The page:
How a voicebot is created 

The AI experts at DB Systel first set up a tool for the journey planning centre that collected voice recordings. Call centre personnel were able to use this tool to record thousands of examples in order to train the AI for future use. This resulted in around 50,000 voice files. This is because the AI platform for dialogues must first convert spoken language into text in order to be able to process it – for the booking system, for example. For this specialised task, the AI platform had to "learn" a precisely fitting language model including all specific bus stops, locations and also possible dialects. This means it can always correctly interpret the caller's specific intention. A computer linguist from DB Systel supported the project to ensure that the voice recordings were suitable for the task.  

The dialogue design was particularly important for the success and acceptance of the voicebot. The aim here is to make automated dialogue as natural and simple as possible. Together, DB Systel and DB Regio have created the so-called "flows" of dialogue, partly on the basis of real calls to the journey planning centre and partly with the help of DB Systel's computer linguist. This is because the "intro prompt" – the voicebot's initial announcement – is crucial to ensuring that callers understand who they are talking to, what they should say and how the booking works. "An introductory dialogue like this – not too short, not too long – can have a strong influence on user acceptance," says Robert Muras from DB Systel's SEMMI team. 

In the subsequent implementation, DB Systel connected the voicebot to the telephone system of the journey planning centre on the one hand and to the booking system for the "Wohin Du willst" journey planning app on the other. This allows the bot to be used wherever the app of the same name is already in use. This is because the voicebot is not a one-way street, but needs interfaces so that it can receive the latest traffic data, for example. Unlike a conventional tape announcement, the finished bot does not speak with pre-recorded audio, but understands speech and speaks itself using AI: for example, it reads out connections from the timetable and saves requested journeys directly in the booking system. This means there is no manual effort involved in these bookings.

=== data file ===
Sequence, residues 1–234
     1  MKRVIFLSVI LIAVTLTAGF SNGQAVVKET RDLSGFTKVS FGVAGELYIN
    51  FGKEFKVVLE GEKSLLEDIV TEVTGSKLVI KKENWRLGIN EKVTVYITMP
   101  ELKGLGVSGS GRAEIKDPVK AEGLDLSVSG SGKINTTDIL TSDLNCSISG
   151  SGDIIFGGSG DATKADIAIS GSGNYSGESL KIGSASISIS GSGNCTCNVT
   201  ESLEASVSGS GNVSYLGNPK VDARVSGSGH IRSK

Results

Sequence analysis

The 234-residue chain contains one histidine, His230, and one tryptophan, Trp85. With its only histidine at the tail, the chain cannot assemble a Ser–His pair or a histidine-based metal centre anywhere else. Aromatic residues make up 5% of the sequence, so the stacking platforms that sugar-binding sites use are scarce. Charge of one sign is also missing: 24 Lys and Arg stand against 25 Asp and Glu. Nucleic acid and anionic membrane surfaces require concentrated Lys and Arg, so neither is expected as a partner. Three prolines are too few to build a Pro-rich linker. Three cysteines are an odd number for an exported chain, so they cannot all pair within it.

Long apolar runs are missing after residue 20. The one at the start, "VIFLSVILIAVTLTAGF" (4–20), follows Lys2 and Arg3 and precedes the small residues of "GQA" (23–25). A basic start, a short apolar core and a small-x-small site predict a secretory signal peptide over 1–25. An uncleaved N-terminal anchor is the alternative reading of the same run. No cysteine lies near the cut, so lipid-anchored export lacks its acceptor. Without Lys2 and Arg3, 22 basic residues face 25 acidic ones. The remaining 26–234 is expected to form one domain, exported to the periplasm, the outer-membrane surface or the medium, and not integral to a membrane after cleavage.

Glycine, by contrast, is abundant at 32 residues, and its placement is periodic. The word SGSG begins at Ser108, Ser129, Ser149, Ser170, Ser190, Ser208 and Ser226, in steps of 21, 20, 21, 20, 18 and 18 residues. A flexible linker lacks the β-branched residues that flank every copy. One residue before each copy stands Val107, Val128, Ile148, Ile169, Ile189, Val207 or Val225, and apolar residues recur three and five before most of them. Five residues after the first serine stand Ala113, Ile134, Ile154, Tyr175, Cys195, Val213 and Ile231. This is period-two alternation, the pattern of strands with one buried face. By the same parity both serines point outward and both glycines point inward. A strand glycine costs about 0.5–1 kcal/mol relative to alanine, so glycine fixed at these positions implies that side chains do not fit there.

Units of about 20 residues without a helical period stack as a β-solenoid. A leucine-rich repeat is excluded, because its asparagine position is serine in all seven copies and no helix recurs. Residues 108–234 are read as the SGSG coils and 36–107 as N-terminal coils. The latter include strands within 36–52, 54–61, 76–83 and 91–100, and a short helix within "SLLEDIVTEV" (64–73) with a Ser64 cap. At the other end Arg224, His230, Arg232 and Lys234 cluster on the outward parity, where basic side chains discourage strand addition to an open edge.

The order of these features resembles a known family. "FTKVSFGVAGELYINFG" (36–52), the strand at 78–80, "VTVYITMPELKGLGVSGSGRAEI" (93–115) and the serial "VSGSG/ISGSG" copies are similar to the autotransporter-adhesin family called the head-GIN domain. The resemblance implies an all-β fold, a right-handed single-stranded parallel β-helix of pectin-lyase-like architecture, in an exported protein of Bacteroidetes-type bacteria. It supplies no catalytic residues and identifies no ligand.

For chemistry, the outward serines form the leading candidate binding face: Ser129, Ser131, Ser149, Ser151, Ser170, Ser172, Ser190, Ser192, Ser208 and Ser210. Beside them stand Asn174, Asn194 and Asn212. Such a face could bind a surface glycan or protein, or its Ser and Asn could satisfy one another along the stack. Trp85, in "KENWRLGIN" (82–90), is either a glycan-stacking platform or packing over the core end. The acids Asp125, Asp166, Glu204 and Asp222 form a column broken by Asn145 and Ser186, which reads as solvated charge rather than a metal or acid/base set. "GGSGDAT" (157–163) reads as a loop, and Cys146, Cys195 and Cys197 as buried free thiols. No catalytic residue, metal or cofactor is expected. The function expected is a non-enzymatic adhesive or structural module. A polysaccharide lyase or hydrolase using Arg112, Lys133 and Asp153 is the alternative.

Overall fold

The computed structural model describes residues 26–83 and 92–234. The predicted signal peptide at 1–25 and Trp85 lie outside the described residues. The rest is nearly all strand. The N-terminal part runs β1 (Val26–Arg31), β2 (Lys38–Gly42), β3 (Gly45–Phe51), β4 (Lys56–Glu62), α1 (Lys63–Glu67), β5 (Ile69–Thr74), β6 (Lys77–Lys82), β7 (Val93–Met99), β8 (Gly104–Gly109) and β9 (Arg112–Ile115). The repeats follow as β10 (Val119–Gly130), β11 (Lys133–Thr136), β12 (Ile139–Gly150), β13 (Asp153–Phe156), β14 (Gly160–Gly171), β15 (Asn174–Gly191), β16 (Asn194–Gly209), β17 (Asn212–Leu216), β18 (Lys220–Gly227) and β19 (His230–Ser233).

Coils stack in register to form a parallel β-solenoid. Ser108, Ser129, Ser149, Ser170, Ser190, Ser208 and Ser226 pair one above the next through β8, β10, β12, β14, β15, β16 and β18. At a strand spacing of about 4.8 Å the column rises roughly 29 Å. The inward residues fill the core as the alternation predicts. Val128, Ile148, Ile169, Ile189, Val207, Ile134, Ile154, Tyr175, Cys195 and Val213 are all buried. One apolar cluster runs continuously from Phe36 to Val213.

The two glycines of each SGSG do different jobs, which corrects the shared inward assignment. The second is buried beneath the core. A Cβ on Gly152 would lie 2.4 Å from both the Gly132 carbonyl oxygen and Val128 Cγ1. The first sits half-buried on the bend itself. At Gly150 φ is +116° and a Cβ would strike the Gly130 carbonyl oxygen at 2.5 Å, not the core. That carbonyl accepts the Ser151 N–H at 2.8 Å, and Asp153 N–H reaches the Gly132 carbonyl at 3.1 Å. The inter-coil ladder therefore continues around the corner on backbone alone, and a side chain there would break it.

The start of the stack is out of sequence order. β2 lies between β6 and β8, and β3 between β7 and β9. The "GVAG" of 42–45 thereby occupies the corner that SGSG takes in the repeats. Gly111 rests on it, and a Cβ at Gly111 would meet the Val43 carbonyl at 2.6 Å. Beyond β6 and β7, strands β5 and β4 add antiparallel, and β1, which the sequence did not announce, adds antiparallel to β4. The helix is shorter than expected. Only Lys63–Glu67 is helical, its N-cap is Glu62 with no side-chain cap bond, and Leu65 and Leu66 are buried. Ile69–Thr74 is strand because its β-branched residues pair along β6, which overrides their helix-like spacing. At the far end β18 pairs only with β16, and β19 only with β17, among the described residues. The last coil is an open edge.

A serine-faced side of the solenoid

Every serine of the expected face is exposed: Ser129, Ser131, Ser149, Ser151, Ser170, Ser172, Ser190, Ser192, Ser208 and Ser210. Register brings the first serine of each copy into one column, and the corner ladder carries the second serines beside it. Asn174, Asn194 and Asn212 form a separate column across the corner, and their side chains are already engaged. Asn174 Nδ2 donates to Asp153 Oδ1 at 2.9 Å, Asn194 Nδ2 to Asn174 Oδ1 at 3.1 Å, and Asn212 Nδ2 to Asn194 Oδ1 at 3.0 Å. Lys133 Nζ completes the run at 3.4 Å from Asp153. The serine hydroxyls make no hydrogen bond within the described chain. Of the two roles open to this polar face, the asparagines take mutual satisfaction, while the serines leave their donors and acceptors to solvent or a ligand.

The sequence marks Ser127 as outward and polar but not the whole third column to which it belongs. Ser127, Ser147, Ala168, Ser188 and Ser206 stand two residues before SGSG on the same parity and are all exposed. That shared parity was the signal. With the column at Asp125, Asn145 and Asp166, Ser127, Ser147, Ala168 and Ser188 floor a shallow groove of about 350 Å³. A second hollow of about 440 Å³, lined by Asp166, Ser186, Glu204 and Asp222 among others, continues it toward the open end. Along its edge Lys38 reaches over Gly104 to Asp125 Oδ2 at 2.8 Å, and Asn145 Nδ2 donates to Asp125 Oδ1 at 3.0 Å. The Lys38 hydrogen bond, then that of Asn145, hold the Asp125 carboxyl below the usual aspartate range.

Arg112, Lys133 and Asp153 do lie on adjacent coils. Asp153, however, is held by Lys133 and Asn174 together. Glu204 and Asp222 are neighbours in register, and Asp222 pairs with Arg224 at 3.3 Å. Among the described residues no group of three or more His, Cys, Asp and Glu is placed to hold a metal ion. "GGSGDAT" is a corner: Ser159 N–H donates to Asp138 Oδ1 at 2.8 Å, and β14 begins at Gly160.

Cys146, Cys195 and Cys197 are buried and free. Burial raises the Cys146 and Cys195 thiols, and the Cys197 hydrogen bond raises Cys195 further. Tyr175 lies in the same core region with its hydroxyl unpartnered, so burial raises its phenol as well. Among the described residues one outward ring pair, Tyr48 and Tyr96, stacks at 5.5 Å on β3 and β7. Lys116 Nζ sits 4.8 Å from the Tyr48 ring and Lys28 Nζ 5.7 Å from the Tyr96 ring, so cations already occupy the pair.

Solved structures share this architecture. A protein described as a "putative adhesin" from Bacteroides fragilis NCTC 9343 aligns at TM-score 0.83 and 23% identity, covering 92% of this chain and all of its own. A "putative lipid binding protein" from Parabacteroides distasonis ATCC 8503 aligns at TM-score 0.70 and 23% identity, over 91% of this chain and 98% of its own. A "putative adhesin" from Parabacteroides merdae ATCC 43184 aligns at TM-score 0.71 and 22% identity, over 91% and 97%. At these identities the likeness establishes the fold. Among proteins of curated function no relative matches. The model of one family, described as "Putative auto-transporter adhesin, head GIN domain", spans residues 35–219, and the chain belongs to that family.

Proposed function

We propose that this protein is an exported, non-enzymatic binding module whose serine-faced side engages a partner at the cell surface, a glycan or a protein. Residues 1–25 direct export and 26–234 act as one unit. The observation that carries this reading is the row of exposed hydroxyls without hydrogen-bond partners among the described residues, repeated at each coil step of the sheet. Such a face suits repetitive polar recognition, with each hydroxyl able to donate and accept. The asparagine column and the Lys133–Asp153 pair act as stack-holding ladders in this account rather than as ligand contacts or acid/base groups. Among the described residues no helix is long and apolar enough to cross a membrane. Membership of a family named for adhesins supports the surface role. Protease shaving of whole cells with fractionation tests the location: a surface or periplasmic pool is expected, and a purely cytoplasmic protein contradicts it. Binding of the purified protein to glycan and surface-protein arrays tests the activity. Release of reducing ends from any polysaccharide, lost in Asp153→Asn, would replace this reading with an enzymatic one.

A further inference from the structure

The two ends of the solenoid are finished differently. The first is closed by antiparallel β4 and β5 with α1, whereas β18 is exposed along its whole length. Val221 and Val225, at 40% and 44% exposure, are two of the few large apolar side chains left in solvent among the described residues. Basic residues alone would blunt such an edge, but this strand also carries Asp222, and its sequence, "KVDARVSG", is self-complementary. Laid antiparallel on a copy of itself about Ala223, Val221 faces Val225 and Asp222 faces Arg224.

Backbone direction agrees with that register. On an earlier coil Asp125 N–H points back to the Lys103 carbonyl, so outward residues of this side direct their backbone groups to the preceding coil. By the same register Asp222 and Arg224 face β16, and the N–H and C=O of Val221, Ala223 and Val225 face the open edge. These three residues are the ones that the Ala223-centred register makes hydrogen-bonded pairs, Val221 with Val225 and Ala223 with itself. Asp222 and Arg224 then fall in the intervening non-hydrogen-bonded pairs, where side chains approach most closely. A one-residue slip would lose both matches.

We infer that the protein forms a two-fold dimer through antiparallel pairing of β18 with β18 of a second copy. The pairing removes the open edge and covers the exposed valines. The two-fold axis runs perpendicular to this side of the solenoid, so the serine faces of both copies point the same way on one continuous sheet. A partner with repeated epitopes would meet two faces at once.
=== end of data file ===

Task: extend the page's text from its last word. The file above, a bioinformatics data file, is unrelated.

The voicebot in practice 

The pilot phase started in January 2023 and the voicebot was able to prove itself in practice for the first time in Neumarkt. During this test phase which lasted until June 2023, DB Systel and DB Regio Bus analysed calls and the SEMMI team implemented improvements and updates. "We had our KPIs (notes of success criteria) and we had six months for the pilot," recalls Asha Joseph-Pattani from IT Bus: "Every week we had feedback from the journey planning centre and a new release from DB Systel with improvements. When we saw that the success rate was good enough, we decided together with the administrative district to go into productive operation." 

The aim of this test phase was to achieve a success rate of 60 per cent. This quota includes both successful bookings by the bot and successful redirects to the call centre, if these are desired or necessary. A "failure" would be, for example, a transfer to the telephone exchange that is not absolutely necessary or if the caller hangs up during the call. "We soon realised that there were still bugs, which we spent weeks and months fine-tuning to improve the performance rate," recalls Robert Muras from DB Systel. 

DB Regio Bus can precisely control the diversions to the automated voicebot system. During the test phase, an average of 80 per cent of calls initially reached the voicebot. The bot's voice recognition and logic work so well that callers could book their journey in a single sentence, such as: "I would like to travel from X to Y tomorrow at eight o'clock." However, the system guides the caller through these points individually to be on the safe side. Customers then receive a text message to confirm their booking. 

AI lightens the workload for employees instead of replacing them